COLUMBUS — State lawmakers from both chambers as well as Attorney General Dave Yost are pushing for a proposed constitutional amendment that would grant local judges the ability to weigh public safety in determining a defendant’s bond. The proposed amendment seeks to effectively go over the heads of the Ohio Supreme Court justices, which narrowly upheld a lower court’s ruling in January, holding that judges shall not use public safety concerns as a factor in determining bail.
Attorney General Yost joined Hamilton County Prosecutor Joe Deters as well as other Republican lawmakers for a press conference held on Tuesday to announce the proposed amendment.
“The bottom line is that the decision by the [Ohio Supreme Court] is a direct threat to public safety and we are here today to fix that,” said State Sen. Theresa Gavarone.
In January, the Ohio Supreme Court narrowly upheld a lower court’s ruling in a case related to the question of whether a Hamilton County murder suspect’s $1.5 million bail was excessive.
Justin DuBose was charged in the July 2020 robbery-turned-shooting death of a man outside of Cincinnati. At a hearing in November 2020, the local judge initially set DuBose’s bail at $1.5 million, which was later reduced to $500,000 at the request of DuBose and his defense attorney. The following day, the judge restored DuBose’s bail at $1.5 million after hearing testimony from the victim’s family.
In his appeal, which was granted by the 1st District Court of Appeals, the lower court ruled DuBose’s bail was excessive and, thus, unconstitutional. Then, in early January of this year, the Ohio Supreme Court upheld the lower court’s ruling that DuBose’s bail was excessive.
A county common pleas judge initially set DuBose’s bail at $1.5 million, citing state law that states judges shall release a defendant on the least restrictive bail conditions that also reasonably assure the defendant will appear in court.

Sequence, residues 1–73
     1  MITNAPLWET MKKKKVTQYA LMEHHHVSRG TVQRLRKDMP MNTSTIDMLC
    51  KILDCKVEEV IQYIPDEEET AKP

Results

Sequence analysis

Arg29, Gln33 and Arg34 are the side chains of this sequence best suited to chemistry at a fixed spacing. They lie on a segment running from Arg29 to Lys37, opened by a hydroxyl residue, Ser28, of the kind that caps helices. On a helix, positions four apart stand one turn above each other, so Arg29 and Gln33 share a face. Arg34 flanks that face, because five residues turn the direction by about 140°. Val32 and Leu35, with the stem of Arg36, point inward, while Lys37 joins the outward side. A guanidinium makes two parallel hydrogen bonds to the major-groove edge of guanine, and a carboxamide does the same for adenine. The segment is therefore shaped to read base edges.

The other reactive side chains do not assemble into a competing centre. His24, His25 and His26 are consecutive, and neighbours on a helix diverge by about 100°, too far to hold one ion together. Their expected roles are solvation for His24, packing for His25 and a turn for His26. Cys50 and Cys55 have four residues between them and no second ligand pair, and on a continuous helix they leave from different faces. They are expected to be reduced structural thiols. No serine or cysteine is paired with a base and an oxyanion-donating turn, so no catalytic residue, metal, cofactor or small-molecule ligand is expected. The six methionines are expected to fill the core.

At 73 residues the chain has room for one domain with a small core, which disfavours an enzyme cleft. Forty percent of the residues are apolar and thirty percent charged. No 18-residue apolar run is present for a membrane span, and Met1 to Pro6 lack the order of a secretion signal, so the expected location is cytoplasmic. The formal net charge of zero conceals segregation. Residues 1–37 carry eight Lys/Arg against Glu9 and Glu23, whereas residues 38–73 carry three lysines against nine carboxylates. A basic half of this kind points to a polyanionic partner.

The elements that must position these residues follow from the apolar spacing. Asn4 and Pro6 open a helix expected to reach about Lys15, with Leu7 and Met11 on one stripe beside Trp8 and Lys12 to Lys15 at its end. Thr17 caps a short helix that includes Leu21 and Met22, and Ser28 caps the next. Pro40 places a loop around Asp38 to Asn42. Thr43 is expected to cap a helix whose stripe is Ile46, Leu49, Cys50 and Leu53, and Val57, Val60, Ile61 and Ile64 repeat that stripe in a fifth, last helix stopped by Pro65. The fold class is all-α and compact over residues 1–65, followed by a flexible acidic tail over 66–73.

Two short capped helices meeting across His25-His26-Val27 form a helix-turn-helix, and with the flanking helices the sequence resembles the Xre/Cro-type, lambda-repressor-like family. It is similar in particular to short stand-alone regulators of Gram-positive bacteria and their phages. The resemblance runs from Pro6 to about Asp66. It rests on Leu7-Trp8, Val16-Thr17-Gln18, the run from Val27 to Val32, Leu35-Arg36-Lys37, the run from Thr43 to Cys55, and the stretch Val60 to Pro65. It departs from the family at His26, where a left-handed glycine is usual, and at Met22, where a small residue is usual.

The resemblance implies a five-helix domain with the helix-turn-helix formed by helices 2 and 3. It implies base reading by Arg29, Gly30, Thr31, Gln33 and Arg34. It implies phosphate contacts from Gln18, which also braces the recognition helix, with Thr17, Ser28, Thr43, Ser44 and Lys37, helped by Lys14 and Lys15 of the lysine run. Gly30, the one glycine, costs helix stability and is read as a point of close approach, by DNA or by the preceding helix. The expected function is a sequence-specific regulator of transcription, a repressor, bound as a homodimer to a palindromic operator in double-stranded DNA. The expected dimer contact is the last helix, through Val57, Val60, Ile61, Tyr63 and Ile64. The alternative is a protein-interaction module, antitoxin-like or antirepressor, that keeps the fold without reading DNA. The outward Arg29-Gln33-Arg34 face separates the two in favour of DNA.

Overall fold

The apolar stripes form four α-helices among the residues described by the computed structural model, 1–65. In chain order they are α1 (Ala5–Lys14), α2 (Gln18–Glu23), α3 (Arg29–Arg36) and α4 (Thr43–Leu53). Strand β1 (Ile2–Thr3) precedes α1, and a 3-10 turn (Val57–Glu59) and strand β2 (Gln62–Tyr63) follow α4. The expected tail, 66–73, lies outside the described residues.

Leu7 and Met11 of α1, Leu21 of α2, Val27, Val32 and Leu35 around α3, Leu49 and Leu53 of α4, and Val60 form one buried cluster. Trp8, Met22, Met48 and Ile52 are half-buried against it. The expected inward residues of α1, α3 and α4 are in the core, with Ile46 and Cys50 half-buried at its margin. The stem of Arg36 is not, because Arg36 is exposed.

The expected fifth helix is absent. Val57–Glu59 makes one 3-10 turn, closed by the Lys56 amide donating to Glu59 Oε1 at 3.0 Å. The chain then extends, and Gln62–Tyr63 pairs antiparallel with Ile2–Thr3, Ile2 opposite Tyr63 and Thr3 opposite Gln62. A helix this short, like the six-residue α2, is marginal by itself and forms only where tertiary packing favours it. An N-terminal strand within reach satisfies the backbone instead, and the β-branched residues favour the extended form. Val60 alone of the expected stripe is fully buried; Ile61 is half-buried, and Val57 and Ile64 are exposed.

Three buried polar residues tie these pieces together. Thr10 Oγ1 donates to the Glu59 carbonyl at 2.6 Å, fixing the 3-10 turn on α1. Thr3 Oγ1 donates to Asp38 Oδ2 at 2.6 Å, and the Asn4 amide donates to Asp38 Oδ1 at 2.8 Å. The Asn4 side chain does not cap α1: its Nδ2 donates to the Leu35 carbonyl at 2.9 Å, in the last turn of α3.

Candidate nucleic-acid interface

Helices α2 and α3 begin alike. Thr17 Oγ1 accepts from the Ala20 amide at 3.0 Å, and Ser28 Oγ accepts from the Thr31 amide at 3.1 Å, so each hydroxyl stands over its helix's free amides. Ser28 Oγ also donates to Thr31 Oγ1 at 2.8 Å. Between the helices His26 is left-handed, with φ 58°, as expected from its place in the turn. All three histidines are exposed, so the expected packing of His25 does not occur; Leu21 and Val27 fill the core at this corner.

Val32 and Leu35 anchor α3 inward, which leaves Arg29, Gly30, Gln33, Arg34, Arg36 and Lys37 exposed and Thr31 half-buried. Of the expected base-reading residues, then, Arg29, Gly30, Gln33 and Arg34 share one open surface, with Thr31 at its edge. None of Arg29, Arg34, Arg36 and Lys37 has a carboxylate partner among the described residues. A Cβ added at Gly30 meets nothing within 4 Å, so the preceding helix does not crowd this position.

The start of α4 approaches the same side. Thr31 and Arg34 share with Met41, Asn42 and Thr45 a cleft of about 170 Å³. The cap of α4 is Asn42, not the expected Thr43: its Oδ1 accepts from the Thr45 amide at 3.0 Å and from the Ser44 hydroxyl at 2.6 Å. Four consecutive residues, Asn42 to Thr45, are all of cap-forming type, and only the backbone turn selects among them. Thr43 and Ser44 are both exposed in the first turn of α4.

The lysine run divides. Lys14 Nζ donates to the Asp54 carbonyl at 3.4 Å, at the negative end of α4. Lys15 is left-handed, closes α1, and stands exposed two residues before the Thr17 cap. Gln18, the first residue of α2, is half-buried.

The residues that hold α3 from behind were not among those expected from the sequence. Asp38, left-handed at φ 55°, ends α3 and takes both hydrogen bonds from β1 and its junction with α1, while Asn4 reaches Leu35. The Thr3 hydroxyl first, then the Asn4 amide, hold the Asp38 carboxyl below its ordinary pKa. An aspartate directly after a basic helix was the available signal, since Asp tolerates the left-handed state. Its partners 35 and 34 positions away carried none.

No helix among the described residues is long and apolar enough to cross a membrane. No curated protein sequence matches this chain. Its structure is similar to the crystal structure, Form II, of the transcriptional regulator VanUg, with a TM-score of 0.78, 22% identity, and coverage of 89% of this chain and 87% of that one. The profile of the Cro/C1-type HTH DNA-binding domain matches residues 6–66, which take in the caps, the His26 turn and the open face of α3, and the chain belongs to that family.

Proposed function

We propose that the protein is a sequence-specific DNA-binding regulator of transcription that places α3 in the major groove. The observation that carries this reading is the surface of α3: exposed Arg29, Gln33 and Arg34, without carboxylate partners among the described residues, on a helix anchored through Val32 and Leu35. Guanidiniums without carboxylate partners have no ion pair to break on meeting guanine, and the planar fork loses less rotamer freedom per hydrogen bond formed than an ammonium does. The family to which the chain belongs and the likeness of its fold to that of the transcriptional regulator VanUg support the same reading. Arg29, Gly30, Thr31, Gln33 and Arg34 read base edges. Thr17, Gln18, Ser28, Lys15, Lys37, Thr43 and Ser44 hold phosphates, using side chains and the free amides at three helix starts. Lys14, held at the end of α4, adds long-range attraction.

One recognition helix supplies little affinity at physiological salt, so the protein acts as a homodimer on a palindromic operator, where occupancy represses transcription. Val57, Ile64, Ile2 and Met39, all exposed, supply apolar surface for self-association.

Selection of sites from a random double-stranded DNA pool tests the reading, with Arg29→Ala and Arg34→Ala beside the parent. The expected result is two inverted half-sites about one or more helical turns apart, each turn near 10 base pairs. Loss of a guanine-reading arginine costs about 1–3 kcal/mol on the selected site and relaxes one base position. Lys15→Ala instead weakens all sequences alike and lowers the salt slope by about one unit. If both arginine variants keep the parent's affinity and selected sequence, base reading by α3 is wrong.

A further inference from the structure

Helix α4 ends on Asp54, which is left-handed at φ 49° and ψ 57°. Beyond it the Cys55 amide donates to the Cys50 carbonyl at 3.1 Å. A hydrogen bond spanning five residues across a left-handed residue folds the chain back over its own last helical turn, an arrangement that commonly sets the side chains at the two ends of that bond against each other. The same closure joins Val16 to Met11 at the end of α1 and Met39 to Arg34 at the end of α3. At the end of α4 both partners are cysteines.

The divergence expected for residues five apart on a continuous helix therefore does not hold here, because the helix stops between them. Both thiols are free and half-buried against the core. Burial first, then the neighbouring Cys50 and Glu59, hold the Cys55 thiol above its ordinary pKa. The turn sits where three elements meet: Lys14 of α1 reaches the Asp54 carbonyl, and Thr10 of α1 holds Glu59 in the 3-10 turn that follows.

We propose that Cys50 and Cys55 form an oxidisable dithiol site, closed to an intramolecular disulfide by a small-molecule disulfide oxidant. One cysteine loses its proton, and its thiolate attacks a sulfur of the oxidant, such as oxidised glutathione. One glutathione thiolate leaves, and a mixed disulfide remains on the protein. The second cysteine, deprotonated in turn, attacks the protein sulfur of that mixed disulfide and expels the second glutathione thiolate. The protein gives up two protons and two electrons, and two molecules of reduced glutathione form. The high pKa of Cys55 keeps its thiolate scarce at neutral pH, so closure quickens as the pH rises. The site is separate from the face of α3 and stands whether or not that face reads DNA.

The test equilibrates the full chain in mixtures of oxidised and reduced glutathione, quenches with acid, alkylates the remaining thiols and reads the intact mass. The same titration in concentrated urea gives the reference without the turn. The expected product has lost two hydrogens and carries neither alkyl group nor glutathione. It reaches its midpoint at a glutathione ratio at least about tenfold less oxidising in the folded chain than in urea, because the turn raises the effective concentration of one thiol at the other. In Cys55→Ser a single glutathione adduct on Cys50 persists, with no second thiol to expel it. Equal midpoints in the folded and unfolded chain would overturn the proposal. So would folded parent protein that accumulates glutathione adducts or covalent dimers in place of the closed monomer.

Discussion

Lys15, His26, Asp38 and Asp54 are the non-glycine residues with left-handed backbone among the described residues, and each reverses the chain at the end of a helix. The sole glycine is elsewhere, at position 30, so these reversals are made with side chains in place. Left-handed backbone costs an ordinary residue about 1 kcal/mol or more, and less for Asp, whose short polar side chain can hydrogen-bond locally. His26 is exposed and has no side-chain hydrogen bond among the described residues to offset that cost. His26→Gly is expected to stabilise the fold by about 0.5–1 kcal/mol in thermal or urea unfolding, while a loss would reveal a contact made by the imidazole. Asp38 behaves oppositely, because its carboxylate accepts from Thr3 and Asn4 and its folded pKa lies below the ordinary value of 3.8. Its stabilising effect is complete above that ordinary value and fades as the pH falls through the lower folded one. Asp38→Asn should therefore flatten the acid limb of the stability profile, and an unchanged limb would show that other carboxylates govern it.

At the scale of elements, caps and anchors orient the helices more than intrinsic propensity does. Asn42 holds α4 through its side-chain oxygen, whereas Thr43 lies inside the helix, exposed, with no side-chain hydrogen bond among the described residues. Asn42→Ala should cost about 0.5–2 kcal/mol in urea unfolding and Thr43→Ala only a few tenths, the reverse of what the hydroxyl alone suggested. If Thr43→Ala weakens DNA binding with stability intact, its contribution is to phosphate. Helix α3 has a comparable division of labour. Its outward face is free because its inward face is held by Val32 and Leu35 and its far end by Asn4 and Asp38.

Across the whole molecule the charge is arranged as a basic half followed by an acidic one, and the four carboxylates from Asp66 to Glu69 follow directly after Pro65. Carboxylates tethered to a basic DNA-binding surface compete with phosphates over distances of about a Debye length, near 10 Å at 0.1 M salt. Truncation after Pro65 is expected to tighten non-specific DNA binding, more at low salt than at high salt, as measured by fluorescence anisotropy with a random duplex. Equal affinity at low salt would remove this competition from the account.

In the state high court’s majority opinion, justices wrote: “public safety, although of the utmost importance, is not a factor relevant to the calculation of the bail amount. The court may not impose excessive bail for the purpose of keeping an accused in jail.”
The state high court’s opinion has “fundamentally changed the practice in Ohio with regards to granting bail,” Yost said.
“Presumption of innocence in court is not the same as pretending that a career criminal poses no threat on the street,” Yost said. “We believe that the interest of the community — the safety of the community — is just as important as a defendant's right to a fair trial and his presumption of innocence. We do not serve one at the expense of the other.”
As introduced, House Joint Resolution 2 would essentially reverse the high court’s decision by constitutionally protecting the judge’s ability to use public safety as a factor in setting bail. The resolution requires passage by a three-fifths majority before it goes to voters in the fall.
Yost and Deters said local trial judges should have the ability to weigh public safety among other factors, including the severity of the crime, whether the defendant is a flight risk, as well as whether the defendant has a criminal history.
“We are saying that, yes, consider the criminal history, the severity of the crime, the individual's ability to flee or return to court, but also consider those hard-working Ohioans and members of the public that deserve a safe community,” said State Rep. D.J. Swearingen.
Cuyahoga County Prosecutor Michael O’Malley declined to comment on the proposed constitutional amendment.